Her death followed heart surgery to correct a congenitally weak valve, said her husband, Richard Nolen-Hoeksema.
Dr. Nolen-Hoeksema, a professor at Yale University, began studying depression in the 1980s, a time of great excitement in psychiatry and psychology. New drugs like Prozac were entering the market; novel talking therapies were proving effective, too, particularly cognitive behavior therapy, in which people learn to defuse upsetting thoughts by questioning their basis.
Her studies, first in children and later in adults, exposed one of the most deceptively upsetting of these patterns: rumination, the natural instinct to dwell on the sources of problems rather than their possible solutions. Women were more prone to ruminate than men, the studies found, and in a landmark 1987 paper she argued that this difference accounted for the two-to-one ratio of depressed women to depressed men.
“The way I think she’d put it is that, when bad things happen, women brood — they’re cerebral, which can feed into the depression,” said Martin Seligman, a professor of psychology at the University of Pennsylvania, who oversaw her doctoral work. “Men are more inclined to act, to do something, plan, beat someone up, play basketball.”
Dr. Seligman added, “She was the leading figure in sex differences in depression of her generation.”
Dr. Nolen-Hoeksema wrote several books about her research for general readers, including “Women Who Think Too Much: How to Break Free of Overthinking and Reclaim Your Life.” These books described why rumination could be so corrosive — it is deeply distracting; it tends to highlight negative memories — and how such thoughts could be alleviated.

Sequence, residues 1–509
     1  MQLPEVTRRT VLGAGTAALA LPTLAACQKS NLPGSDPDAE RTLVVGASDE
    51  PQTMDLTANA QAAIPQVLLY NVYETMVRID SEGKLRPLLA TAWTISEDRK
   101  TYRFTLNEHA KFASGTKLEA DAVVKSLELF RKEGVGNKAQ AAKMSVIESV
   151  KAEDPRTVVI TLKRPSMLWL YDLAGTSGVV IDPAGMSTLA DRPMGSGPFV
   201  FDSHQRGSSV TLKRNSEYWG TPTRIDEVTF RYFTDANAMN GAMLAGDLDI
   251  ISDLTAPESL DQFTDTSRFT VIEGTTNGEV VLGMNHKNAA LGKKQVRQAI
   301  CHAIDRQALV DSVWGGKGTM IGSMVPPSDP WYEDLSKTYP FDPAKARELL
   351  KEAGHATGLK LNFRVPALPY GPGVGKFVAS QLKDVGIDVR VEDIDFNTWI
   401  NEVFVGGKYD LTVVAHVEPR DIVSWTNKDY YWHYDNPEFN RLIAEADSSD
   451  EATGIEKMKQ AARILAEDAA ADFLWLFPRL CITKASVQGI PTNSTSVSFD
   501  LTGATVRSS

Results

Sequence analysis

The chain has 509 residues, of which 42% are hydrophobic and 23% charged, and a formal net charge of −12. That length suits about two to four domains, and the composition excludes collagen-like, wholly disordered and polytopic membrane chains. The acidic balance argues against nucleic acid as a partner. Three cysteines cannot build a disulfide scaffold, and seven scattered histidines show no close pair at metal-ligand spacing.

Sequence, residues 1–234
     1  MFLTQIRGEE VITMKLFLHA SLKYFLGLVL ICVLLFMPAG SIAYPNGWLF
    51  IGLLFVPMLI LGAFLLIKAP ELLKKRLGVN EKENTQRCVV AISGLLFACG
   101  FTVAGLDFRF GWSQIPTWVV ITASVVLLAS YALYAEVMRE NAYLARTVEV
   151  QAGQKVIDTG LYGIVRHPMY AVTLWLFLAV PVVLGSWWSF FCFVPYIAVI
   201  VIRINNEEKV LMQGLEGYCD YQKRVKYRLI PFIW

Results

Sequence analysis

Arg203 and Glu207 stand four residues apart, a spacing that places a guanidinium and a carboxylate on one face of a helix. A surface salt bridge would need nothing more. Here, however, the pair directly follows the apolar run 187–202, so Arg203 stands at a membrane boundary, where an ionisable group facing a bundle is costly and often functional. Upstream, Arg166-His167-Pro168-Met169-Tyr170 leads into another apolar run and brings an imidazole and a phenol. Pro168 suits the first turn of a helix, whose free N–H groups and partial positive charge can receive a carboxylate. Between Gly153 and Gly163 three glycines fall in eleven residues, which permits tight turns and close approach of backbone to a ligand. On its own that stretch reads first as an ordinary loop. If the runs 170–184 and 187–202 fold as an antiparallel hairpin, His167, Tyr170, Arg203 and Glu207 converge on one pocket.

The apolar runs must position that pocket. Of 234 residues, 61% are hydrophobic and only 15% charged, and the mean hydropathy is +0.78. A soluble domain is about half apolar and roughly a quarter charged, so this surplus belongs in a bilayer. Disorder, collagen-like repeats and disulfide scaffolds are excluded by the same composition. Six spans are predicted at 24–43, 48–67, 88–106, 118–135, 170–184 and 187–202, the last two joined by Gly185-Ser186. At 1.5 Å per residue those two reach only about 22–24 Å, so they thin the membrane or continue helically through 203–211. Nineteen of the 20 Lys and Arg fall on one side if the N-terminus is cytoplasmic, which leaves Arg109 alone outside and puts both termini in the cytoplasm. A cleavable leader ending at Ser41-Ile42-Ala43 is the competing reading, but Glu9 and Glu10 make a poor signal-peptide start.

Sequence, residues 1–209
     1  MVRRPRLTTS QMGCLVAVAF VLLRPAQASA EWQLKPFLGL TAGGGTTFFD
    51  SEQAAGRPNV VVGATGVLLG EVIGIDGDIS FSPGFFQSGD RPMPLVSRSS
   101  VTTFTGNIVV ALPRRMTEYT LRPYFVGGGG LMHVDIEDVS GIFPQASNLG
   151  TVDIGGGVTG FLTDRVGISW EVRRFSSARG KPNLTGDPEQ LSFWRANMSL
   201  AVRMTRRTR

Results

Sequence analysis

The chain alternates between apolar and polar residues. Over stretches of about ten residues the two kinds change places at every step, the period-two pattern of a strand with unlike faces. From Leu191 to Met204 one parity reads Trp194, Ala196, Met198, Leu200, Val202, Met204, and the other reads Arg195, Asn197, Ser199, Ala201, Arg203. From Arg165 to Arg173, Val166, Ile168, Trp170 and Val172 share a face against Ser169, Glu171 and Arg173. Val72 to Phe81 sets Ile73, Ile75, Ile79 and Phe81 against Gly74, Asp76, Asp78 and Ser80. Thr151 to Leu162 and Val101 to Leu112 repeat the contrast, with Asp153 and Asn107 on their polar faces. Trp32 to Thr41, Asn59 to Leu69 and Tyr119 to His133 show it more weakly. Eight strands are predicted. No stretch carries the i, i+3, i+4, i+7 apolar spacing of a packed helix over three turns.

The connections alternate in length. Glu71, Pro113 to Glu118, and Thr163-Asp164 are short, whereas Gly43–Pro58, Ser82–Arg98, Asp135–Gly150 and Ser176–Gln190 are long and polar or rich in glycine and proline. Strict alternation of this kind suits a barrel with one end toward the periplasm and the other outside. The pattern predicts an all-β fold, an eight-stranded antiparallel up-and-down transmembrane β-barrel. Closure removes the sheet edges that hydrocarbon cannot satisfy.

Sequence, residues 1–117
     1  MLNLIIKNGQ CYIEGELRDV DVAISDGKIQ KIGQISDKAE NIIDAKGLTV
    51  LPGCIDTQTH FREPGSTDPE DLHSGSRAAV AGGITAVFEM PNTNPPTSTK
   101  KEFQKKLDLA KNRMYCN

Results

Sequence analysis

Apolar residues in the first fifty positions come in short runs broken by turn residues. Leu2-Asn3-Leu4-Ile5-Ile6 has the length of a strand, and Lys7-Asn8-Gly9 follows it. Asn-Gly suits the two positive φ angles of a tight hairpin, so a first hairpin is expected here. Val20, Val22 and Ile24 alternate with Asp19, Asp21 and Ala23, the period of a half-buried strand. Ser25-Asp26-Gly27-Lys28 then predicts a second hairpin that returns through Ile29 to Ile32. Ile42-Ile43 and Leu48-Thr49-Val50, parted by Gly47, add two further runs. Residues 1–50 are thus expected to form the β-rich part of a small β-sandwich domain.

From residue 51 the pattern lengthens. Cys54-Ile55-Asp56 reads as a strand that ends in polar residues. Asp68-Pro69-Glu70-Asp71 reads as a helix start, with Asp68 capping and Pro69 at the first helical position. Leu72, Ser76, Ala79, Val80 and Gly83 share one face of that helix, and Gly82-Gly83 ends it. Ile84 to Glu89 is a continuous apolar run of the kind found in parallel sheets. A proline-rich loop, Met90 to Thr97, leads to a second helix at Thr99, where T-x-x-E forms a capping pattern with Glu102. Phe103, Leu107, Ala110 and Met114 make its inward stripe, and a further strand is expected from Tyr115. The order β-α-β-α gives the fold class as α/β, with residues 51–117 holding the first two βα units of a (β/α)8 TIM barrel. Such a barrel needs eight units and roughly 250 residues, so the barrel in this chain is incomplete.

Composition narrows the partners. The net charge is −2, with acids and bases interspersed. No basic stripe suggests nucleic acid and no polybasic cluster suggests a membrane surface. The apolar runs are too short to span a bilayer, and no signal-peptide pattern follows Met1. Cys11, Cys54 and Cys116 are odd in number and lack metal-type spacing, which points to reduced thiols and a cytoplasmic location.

Susan Kay Nolen was born on May 22, 1959, in Springfield, Ill., to John and Catherine Nolen. Her father ran a construction business, where her mother was the office manager; Susan was the eldest of three children.
She entered Illinois State University before transferring to Yale. She graduated summa cum laude in 1982 with a degree in psychology.
After earning a Ph.D. in psychology at the University of Pennsylvania, she joined the faculty at Stanford. She later moved to the University of Michigan, before returning to Yale in 2004.
Along the way she published scores of studies and a popular textbook. In 2003 she became the editor of the Annual Review of Clinical Psychology, an influential journal.
Dr. Nolen-Hoeksema moved smoothly between academic work and articles and books for the general reader.
“I think part of what allowed her to move so easily between those two worlds was that she was an extremely clear thinker, and an extremely clear writer,” said Marcia K. Johnson, a psychology professor and colleague at Yale.
Dr. Nolen-Hoeksema lived in Bethany, Conn. In addition to her husband, a science writer, she is survived by a son, Michael; her brothers, Jeff and Steve; and her father, John.
“Over the past four decades women have experienced unprecedented growth in independence and opportunities,” Dr. Nolen-Hoeksema wrote in 2003, adding, “We have many reasons to be happy and confident.”
“Yet when there is any pause in our daily activities,” she continued, “many of us are flooded with worries, thoughts and emotions that swirl out of control, sucking our emotions and energy down, down, down. We are suffering from an epidemic of overthinking.”